Hertzberg was unable to broker a deal. In total, the redevelopment agency paid Mayer, Brown $50,985 for Hertzberg’s services from May 2003 through May 2004.

Hertzberg and the firm were also hired by the DWP to address accusations that the nation’s largest municipal utility had sold power during California’s energy crisis at inflated prices like Enron and other generators.

“We were afraid that DWP was going to be lumped in there,” Hahn said. “So we wanted someone who could help with his skills in Sacramento and make sure that people understood what DWP’s true role was.”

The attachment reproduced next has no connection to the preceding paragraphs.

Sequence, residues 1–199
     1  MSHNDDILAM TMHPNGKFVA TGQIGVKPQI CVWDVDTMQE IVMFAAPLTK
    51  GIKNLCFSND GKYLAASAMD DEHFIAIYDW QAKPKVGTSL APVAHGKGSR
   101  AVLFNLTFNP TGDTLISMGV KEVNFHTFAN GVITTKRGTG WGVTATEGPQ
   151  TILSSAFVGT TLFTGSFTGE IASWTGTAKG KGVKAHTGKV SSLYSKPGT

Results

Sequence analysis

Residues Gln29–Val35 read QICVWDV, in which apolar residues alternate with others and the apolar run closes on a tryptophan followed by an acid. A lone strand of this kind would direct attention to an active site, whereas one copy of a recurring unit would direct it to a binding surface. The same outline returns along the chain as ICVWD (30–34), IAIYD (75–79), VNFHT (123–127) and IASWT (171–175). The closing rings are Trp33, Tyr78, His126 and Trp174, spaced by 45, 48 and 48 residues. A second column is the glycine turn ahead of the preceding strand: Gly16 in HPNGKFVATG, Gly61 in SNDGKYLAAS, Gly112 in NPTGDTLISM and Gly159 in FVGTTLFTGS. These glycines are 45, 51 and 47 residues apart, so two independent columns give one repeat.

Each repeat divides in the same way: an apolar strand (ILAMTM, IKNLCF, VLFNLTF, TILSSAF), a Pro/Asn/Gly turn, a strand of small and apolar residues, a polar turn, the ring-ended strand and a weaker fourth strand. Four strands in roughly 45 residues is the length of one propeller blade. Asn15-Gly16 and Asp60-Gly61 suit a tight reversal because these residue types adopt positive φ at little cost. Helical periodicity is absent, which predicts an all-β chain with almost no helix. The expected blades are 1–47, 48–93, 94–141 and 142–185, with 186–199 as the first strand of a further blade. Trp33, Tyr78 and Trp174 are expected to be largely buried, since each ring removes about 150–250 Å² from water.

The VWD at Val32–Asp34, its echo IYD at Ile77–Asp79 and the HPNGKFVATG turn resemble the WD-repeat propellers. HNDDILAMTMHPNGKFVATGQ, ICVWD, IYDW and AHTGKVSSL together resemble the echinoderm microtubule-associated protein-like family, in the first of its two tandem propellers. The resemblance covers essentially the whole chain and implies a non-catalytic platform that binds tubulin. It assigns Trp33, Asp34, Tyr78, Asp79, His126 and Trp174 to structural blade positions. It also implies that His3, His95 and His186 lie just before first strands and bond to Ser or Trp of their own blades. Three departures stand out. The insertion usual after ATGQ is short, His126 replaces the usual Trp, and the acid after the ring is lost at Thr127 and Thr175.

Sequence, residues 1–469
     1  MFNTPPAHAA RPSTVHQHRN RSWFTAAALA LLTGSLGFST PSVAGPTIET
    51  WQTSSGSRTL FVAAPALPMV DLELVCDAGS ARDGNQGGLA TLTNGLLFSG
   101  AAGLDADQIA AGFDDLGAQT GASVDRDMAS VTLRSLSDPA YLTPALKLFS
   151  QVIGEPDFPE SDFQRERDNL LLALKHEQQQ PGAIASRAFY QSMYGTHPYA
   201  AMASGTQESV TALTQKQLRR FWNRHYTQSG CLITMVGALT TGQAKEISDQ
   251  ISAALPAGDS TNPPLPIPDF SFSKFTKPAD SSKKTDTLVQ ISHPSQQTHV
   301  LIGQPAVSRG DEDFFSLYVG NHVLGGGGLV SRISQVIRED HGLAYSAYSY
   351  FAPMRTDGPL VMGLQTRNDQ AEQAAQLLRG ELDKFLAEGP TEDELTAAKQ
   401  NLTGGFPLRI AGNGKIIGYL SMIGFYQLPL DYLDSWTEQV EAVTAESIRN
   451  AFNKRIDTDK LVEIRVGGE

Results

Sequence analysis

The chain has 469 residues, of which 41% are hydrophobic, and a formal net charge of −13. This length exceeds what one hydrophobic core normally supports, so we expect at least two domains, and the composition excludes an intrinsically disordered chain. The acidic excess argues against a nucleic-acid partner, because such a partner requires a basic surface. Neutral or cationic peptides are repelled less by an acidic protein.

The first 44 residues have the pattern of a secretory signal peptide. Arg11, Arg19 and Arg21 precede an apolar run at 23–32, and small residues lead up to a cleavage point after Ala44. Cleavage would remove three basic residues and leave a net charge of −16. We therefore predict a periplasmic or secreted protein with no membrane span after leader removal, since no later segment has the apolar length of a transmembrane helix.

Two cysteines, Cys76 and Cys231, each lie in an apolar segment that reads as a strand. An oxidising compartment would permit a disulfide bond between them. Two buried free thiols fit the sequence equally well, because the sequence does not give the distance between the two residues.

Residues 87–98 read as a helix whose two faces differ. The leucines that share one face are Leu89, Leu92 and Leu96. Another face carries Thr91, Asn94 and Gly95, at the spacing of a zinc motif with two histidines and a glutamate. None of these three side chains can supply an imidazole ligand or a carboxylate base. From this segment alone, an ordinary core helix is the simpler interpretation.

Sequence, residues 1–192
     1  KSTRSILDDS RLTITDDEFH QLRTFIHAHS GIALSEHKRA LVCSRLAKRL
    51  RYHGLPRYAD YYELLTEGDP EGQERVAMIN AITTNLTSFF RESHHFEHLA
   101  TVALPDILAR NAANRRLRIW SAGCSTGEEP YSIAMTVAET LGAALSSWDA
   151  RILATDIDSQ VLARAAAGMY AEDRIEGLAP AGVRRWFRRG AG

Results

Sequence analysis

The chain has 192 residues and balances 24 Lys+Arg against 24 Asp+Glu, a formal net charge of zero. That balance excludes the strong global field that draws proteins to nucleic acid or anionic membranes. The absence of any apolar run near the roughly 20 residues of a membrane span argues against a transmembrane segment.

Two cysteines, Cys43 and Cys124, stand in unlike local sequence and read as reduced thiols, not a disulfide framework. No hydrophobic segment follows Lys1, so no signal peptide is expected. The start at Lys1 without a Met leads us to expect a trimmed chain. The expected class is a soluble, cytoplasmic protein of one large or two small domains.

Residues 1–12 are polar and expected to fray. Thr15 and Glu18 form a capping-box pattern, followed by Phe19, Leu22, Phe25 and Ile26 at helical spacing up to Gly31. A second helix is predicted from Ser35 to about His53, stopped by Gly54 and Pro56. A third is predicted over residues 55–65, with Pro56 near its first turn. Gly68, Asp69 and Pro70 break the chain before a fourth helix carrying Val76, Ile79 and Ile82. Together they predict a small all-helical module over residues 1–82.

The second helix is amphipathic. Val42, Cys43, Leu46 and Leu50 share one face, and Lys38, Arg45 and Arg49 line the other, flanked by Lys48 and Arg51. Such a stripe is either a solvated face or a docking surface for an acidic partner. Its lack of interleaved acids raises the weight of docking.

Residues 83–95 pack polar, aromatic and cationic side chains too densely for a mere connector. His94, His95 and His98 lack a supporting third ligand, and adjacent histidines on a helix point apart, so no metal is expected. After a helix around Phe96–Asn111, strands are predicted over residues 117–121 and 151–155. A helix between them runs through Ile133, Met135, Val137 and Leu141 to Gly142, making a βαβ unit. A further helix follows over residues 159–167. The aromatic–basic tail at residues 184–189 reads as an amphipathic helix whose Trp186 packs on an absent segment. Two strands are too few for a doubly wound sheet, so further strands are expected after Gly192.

State Sen. Joe Dunn (D-Santa Ana) was then holding hearings on the energy crisis -- and the DWP was one of his targets.

“Basically, I provided strategic advice to the city,” Hertzberg said. Eventually, federal energy regulators absolved the DWP of wrongdoing. The agency spent $63,800 for Hertzberg’s services, the city attorney’s office said. (At the same time he was representing the DWP, Hertzberg was a senior consultant to Fleishman-Hillard, which had a public relations contract with the utility.)

Since Jan. 1, Hertzberg has been on a leave of absence from his law firm, although court records show that it continues to pay him $25,000 a month, plus benefits.


Though Hertzberg would not release his client list to The Times on the grounds that doing so would violate confidentiality, he said that if elected he would give that list to the city attorney. To avoid any conflict of interest, he would not meet with any former clients or members of the law firm for one year after taking office, Hertzberg said.